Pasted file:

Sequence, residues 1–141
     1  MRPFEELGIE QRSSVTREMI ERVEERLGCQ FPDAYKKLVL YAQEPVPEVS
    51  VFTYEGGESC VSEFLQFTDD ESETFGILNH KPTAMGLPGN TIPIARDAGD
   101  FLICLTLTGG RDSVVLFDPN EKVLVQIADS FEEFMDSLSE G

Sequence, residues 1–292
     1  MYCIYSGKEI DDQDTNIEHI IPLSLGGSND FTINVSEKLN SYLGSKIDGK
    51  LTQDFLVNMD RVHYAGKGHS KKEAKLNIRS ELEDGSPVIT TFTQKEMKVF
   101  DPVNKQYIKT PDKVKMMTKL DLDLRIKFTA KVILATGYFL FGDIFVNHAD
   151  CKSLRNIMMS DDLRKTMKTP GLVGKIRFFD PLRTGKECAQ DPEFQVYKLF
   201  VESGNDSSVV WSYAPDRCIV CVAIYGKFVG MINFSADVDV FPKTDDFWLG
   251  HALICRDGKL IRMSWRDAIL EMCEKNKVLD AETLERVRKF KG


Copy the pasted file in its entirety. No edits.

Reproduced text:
Sequence, residues 1–141
     1  MRPFEELGIE QRSSVTREMI ERVEERLGCQ FPDAYKKLVL YAQEPVPEVS
    51  VFTYEGGESC VSEFLQFTDD ESETFGILNH KPTAMGLPGN TIPIARDAGD
   101  FLICLTLTGG RDSVVLFDPN EKVLVQIADS FEEFMDSLSE G

Sequence, residues 1–292
     1  MYCIYSGKEI DDQDTNIEHI IPLSLGGSND FTINVSEKLN SYLGSKIDGK
    51  LTQDFLVNMD RVHYAGKGHS KKEAKLNIRS ELEDGSPVIT TFTQKEMKVF
   101  DPVNKQYIKT PDKVKMMTKL DLDLRIKFTA KVILATGYFL FGDIFVNHAD
   151  CKSLRNIMMS DDLRKTMKTP GLVGKIRFFD PLRTGKECAQ DPEFQVYKLF
   201  VESGNDSSVV WSYAPDRCIV CVAIYGKFVG MINFSADVDV FPKTDDFWLG
   251  HALICRDGKL IRMSWRDAIL EMCEKNKVLD AETLERVRKF KG